Hope is the true immortal in life. It never leaves us and it never dies. Sometimes, hope’s gentle voice might be drowned out by all the noise in our lives. But find a hidden corner, listen hard, and you will always hear the quiet song of hope.
A man known only as Ed gathers a large number of people with only a small newspaper advertisement about hope. From that meeting, four strangers embark on a campaign to restore hope to others and themselves via an unusual startup enterprise. Then what starts off as a search for a compelling human interest story, becomes a heartfelt search for a neighborhood's missing pets, and then turns into something with life and death consequences for a handful of people and something that stirs a nation.
I don't want to say more about the plot than that brief paragraph—the details of Hall's story need to unfold slowly for you as you read the book. I spent a lot of time wondering how this qualified as Crime Fiction at all. I didn't really care about the answer, because I got sucked into the narrative right away and was thoroughly enjoying the book, no matter what genre it ended up being. It does end up as a very compelling Crime Novel, but it takes its time getting to that point. The Editor is a book better experienced and read than explained, so I'm going to be a lot briefer than normal.
Hall's typically an engaging author, with characters that you like despite not liking the way they always act, and can really tell a story. But in The Editor he pulls out all the stops and adds some extra "writerly flair" to the text. Lines like:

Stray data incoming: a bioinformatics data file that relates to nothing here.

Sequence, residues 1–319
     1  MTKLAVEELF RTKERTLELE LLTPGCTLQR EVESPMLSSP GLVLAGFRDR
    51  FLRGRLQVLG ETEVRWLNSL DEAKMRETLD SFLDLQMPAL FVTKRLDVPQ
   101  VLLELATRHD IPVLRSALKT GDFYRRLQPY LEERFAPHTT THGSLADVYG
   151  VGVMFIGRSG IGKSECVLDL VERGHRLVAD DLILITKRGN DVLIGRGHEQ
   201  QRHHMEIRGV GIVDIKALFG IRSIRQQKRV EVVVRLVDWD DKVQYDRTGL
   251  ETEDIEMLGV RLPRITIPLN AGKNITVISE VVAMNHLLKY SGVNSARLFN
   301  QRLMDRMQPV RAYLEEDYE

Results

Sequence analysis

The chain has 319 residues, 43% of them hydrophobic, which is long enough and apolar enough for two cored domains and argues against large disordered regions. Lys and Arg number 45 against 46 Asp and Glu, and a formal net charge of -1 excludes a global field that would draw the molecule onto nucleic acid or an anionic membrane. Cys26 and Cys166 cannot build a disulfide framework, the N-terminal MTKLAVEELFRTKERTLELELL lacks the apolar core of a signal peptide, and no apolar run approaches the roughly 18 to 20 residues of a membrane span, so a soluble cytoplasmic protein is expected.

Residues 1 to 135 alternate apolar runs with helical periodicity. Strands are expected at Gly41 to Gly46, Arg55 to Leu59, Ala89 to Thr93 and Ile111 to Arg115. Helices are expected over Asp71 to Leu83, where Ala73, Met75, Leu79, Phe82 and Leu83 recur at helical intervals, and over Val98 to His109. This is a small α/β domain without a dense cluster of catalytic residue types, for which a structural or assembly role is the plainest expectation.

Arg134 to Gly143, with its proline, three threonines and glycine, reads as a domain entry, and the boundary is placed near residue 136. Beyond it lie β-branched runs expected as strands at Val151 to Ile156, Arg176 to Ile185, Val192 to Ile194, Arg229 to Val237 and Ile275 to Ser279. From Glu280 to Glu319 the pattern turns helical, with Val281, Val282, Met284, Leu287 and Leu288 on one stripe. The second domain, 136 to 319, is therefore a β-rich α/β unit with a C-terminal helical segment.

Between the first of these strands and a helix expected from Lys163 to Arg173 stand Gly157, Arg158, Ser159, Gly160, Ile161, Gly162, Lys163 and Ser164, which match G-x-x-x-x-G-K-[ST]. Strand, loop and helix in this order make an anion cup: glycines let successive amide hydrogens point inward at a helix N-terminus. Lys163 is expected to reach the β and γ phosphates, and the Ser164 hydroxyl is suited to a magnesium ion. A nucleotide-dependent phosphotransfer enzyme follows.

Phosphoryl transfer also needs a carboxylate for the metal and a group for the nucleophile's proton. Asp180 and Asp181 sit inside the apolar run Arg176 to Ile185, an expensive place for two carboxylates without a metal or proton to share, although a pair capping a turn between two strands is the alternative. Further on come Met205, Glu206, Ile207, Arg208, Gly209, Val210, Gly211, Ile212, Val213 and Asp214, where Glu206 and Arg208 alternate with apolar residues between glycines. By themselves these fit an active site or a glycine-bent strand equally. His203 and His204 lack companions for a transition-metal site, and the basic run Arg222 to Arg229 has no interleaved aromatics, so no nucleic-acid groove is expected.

That small hiccup overcome, however, the story not only settled in their laps but purred happily in the process.
And Florence, despite her sad experience of how life could always find a way to confound her, smiled. Optimism was always one of the toughest drugs to quit.
add that je ne sais quoi that elevate this novel.
And then he'll make you smile with things like this reaction from an elderly woman:
‘What do you think should happen to whoever might have taken George, and the other cats?’
‘Death!’ Elizabeth declared, with all the certainty of her soul. ‘I never understood why we abolished the death penalty in the first place. Here now, if ever there was one, is surely a case for bringing it back.’
There's a very real sense in which you won't (and cannot) figure out what's really going on in The Editor until the end when Hall tells you. It's frequently an annoying trait/trick when it's pulled. But if it's done correctly, it can be very satisfying—and Hall does it perfectly. But I've gotta say, even when the curtain is drawn back and the metaphoric Wizard is exposed, I was far more interested in the stuff that didn't have to be revealed—the story itself, prima facie, is what matters most. It's what's going to leave a lasting impression on the reader. The other stuff is interesting and (again) well-executed, but it's not as important as the rest.
And really, when is the central theme of this book not something that you can use?
"There's still hope. Of course there's still hope. There’s always hope. Feel it. Live it, breathe it..."
I think Hall's TV Detective series is a lot of fun, and one of the things that's bugged me most about 2019's reading is that I haven't made more of an effort to catch up on that series. But this? This is a special kind of book that bears almost no resemblance at all to the other Hall works I've read—it's effective and affecting, inspirational and singular, wholly unexpected. You've gotta grab this one.
My thanks to Bloodhound Books for the invitation to participate in this tour and the materials (including the novel) they provided.